"L" for Love's missions

Total of 38 missions for Captain Veauvy, and 34 recognized for Veauvy's crew.
(except one mission for "early return" ordered by Elvington base, and two missions early return for mechanical problems)

Hereafter is the example of mission 8 from the book :
Eighth mission : JULICH

On November 16th 1944, at 13h06, Captain Veauvy’s Halifax III ‘L-for Love’ NA 557, took off along with another five hundred and eight other aircrafts. Amongst them were 27 Halifax aircraft from the French base at Elvington, near York. There was 15 aircrafts from Squadron 346 and 12 from Squadron 347.
The objective was to support a bigger attack against Cologne. The target was precisely situated on the front line near Aix-la-Chapelle.
They came back at 18h04. The cloud cover was made of stratocumulus, it was 6000 feet high.
The ‘L-for Love’ was carrying a single two thousand pound bomb and forty four incendiary bombs.

After taking off from Elvington base, it flew towards Orfordness and then changed direction towards the South as prescribed by the navigator. They flew at 2000 feet. They crossed England and the Channel, where they spotted a convoy of forty big ships.
The weather was splendid, cloudless as predicted by the forecast. They changed direction towards the East, and the Halifax climbed to 14000 feet. At the agreed position, they met the Allied fighter planes that were there to escort them.
Down below everything looked very quiet and above the sun was blazing hot. Still the crew had a preference for the day missions, despite the FLAK, compared with the endless night flights in total darkness.

Once more they met the FLAK in the Ruhr Valley, a little bit more to the south this time. Soon the FLAK started to set off real fireworks! The ‘L-for Love’ was amongst the first in the bombing wave and the rest spread out behind them. “Change direction to the South now!” announced the navigator. Everything kept quiet for a few moments, but when they got closer to the objective the FLAK opened such a brutal and fierce fire that the whole crew was stupefied. On their left a bomber was on fire; in front of them another bomber had been shot with full force and its bombs had detonated, dazzling them. They were getting closer to the target when a sudden and powerful shock made them lose control. The pilot had to use all his skills to re-establish the balance and wing level; two shells had exploded on each side of the aircraft’s tail without hitting the rear gunman. The top gunman’s boots had been marked by shrapnel, but he was not injured!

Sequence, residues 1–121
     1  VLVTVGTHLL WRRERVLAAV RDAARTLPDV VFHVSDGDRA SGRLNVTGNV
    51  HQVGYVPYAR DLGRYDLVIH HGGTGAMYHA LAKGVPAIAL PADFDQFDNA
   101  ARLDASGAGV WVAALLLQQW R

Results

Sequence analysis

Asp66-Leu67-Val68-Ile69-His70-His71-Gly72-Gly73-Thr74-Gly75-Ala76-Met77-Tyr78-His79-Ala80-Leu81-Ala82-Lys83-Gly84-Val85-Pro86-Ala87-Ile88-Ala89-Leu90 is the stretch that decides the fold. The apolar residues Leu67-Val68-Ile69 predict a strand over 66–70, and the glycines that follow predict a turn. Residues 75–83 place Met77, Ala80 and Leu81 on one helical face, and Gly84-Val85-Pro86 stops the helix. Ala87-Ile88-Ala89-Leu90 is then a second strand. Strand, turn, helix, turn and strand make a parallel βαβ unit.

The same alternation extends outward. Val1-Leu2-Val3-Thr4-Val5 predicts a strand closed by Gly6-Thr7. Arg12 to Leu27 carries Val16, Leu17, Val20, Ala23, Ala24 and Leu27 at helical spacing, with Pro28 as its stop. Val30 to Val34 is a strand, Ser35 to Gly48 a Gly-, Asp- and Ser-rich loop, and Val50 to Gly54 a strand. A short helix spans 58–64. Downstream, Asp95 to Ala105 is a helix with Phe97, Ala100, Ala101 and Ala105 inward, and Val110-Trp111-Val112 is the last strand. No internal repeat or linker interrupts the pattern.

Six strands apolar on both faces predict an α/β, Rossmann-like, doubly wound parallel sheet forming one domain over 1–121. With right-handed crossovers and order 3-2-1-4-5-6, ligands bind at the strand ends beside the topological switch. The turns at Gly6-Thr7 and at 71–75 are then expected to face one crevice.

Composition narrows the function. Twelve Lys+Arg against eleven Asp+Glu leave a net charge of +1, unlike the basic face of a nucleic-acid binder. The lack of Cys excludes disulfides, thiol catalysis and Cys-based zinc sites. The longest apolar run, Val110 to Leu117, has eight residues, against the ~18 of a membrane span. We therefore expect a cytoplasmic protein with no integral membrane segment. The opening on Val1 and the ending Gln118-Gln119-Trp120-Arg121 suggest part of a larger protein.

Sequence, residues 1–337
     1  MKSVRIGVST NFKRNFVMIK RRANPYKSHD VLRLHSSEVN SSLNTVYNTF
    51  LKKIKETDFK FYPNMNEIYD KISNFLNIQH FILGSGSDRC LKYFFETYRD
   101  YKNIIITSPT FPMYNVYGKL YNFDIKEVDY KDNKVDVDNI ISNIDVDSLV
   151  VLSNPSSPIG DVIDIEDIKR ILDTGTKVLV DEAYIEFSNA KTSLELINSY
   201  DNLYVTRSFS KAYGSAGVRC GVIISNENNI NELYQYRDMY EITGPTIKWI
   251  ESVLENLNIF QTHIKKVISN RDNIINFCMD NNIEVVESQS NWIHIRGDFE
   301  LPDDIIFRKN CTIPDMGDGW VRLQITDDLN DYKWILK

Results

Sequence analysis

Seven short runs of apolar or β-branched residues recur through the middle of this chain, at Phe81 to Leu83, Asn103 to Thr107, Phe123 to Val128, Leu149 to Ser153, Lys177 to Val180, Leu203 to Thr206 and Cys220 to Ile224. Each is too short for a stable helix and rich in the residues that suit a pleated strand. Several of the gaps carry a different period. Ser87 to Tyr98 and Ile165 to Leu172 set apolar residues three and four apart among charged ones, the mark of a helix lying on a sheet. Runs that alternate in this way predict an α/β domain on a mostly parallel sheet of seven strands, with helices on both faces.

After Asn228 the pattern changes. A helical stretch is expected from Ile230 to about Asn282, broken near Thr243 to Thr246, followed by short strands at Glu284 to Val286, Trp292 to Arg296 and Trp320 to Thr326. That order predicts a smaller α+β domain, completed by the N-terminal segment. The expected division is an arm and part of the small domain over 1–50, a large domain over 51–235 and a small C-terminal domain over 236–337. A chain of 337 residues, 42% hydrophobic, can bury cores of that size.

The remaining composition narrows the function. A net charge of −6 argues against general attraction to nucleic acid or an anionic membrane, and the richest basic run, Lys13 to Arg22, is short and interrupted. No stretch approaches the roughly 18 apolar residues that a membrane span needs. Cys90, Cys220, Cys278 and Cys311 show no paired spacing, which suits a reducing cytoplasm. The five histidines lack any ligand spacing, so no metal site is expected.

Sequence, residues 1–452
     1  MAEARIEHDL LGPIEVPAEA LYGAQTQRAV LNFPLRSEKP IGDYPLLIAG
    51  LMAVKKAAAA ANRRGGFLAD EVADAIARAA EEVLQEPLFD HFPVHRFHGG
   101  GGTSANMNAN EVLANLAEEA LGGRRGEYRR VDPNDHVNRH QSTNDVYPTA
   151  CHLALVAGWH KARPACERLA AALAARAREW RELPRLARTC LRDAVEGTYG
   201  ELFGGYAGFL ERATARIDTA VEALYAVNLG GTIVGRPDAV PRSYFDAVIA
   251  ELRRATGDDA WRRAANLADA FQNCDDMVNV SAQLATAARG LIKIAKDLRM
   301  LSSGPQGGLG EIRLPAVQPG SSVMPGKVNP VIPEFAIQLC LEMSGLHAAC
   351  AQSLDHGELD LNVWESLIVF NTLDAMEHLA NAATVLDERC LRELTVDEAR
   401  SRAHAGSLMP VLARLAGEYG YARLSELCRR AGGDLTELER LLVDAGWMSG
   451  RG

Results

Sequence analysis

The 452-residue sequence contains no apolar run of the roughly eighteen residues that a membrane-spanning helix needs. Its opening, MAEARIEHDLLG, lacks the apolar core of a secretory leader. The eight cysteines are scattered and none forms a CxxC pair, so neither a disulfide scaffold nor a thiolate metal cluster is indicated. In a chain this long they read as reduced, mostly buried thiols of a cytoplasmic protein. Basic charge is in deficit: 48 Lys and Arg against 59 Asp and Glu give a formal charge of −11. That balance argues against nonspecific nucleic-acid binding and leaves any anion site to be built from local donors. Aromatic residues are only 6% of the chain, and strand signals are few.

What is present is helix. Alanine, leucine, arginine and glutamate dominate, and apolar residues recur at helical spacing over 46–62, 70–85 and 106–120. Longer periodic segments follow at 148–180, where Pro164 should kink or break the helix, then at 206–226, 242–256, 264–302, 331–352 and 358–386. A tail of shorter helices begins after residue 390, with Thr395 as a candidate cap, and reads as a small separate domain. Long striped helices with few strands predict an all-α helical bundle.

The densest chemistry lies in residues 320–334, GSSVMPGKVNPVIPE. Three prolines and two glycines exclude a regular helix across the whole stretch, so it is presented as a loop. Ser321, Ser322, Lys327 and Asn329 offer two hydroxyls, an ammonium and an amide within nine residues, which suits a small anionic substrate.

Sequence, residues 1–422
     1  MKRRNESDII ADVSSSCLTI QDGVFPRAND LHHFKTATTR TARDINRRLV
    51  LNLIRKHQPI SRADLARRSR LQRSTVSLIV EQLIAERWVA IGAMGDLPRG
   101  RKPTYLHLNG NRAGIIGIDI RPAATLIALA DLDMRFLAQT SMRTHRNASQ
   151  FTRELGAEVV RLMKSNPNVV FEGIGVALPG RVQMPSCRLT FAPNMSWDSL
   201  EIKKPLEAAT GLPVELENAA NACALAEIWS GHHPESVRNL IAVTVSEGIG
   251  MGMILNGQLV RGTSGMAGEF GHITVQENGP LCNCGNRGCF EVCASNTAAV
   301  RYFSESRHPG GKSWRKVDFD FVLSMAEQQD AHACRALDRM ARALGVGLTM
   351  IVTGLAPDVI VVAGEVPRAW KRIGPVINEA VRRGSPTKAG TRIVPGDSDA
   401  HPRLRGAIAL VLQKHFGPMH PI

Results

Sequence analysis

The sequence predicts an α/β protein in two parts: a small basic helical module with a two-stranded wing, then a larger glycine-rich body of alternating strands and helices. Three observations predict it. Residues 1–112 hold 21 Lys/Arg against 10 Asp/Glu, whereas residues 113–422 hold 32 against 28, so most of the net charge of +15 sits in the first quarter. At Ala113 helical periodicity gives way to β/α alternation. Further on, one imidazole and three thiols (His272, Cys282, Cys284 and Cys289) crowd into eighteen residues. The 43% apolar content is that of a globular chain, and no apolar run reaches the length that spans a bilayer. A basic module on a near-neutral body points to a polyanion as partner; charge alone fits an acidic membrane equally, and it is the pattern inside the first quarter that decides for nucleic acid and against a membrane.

Producing their ultimate effort, the crew kept going on task and dropped bombs that went straight down on target.

J Ü L I C H November 16th 1944
PHOTO N°1475 HALIFAX III - L - NA 557 - TOT - 15 h 36 mn.

They veered to the right and just as they were leaving the bombing zone another shell exploded in their proximity. A piece of shrapnel broke the GEE box and the navigator pencil box. Numerous instruments were out of order and the engines started to make a strange sound. The ‘L’ made it back to Elvington base, pierced in numerous places.

“Our plane got hit by FLAK above the objective by two pieces of shrapnel. One destroyed the GEE box, the other hit the top gunman’s post. Good bombing operation; the two thousand pound bomb was right at the centre of the markers.” JÜLICH NOVEMBER 16th 1944

Navigator's flight data calculation

        53 42 N        00 34 W
        53 18             00 07 W
        51 00             03 00 E
        50 34             05 40 E
        50 55 1/2 N     06 22 E       (bombs gone)<
        50 57             06 23 E
        51 15             06 10 E
        51 25             05 40
        51 20             04 00

Piece of metal found in the fuselage

Following this war mission on November 6th 1944, Captain Veauvy was awarded the Distinguished Flying Cross (D.F.C), the highest Royal Air Force decoration.

In this section of the book, you are flying with the crew.

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